Moving to world citizenship
A survey of responses to world citizenship today would demonstrate that the concept suggests to people one-world government, a complete disintegration of the nation-state as we know it, and, perhaps, the rule of an “antichrist.” Contrary to what common media globalization pundits may articulate, strains of ideas of global citizenship predate our modern civilization. Several prominent historical personalities have made claims to world citizenship during the last three millennia. However, the import of such a claim made during the 5th Century B.C.E is quite different from that of one made during the 20th or even the 21st century. Due to the changing social and political environments, world citizenship takes on slightly different connotations.
Diogenes the Cynic was one of the earliest to aspire to world citizenship. When asked where he came from, he declared, “I am a citizen of the world.” In Cultivating Humanity, Martha C. Nussbaum claims that “Diogenes meant that he refused to be defined simply by his local origins and group memberships, associations central to the image of a conventional male [citizen]; he insisted on defining himself in terms of more universal aspirations and concerns.”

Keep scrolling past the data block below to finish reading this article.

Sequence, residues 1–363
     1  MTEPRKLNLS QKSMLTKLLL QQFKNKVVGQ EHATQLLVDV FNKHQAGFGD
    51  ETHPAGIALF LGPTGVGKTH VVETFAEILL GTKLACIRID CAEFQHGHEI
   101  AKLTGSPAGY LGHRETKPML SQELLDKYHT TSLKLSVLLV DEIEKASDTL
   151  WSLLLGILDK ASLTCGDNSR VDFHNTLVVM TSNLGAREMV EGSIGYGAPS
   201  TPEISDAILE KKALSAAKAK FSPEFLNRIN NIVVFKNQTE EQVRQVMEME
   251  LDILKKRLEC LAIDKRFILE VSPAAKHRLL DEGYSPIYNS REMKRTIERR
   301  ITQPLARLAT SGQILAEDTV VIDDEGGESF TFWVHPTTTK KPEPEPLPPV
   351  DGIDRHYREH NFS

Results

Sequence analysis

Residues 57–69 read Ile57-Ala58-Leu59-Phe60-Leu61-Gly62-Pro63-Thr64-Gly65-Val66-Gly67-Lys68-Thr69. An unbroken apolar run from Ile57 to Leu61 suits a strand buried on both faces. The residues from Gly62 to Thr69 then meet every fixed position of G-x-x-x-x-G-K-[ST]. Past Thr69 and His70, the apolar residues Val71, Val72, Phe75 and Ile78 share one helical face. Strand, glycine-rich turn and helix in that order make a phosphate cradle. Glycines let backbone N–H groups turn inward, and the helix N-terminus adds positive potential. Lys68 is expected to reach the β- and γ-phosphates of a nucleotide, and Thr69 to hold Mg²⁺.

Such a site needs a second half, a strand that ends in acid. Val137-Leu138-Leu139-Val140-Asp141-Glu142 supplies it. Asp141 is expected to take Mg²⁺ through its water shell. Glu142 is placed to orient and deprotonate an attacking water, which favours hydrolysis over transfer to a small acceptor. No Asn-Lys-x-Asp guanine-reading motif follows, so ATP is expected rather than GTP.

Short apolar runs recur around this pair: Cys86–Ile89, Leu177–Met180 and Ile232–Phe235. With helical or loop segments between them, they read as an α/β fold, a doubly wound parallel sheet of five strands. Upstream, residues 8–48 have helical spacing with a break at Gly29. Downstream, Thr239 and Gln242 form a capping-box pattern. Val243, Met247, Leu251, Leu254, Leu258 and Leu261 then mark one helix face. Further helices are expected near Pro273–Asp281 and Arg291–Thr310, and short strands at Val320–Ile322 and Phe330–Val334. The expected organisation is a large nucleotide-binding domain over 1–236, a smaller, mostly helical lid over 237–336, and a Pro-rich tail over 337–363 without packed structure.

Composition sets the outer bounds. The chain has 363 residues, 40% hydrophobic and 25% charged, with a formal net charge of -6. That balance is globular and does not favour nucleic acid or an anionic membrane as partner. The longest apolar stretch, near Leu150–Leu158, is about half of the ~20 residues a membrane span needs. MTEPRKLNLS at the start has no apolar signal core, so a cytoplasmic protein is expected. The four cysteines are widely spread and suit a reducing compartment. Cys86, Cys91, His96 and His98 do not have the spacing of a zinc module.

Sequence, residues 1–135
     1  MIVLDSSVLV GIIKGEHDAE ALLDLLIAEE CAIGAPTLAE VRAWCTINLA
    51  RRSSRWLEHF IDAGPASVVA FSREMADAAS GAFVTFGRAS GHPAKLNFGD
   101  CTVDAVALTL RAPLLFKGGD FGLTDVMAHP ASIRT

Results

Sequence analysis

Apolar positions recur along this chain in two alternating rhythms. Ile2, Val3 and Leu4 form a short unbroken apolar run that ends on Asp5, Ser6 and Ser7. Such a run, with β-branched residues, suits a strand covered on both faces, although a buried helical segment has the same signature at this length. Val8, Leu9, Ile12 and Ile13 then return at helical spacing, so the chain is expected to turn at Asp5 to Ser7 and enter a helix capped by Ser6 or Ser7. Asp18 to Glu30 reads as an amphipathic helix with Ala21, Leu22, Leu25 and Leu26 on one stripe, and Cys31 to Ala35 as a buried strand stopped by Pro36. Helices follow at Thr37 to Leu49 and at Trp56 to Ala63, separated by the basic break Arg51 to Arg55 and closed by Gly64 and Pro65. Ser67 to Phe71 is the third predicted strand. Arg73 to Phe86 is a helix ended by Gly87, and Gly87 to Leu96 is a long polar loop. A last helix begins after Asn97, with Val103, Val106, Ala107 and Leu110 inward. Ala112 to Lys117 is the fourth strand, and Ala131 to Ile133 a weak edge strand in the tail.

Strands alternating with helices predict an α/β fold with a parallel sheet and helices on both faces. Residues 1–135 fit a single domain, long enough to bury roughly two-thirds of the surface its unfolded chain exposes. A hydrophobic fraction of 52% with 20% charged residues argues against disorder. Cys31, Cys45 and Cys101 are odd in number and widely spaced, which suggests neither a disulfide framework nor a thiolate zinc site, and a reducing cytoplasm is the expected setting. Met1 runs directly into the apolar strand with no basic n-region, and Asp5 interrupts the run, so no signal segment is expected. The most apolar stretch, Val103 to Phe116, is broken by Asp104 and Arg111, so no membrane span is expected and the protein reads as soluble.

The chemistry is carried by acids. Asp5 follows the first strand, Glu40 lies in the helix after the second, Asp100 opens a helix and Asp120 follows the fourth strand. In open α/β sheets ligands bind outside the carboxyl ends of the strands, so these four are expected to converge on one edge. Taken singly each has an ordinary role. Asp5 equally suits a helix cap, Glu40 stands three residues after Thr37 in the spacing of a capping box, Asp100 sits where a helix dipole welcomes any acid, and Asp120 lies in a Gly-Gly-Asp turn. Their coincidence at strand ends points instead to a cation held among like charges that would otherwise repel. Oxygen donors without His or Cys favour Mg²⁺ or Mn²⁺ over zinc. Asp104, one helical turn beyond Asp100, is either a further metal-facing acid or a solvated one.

Socrates went a step further to explain that he was neither Athenian nor Greek, “but a citizen of the world for he did not confine himself to Sunium, Taenarum, or the Ceraunian mountains.” Socrates’ comments are drawn from a dialogue on exile. Perhaps, Socrates’ real claim is that his influence and interaction with society need not be tied to the Athenian state. If exiled, Socrates would still continue doing what he had been doing for approximately twenty-five years: interacting person to person (Aristotelian political citizenship). He asserts that he finds citizenship in any part of the world where he can continue doing what he did before his exile.
Additionally, Diogenes believed that “the only real community is one that embraces the whole world.” The Stoics embellished Diogenes’ philosophy: “each of us is a member of two communities: one that is truly great and one that is truly common… in which we look neither to this corner nor to that, but measure the boundaries of our nation by the sun; the other, the one to which we have been assigned by birth.” Nussbaum continues to explain this Stoic-refined philosophy: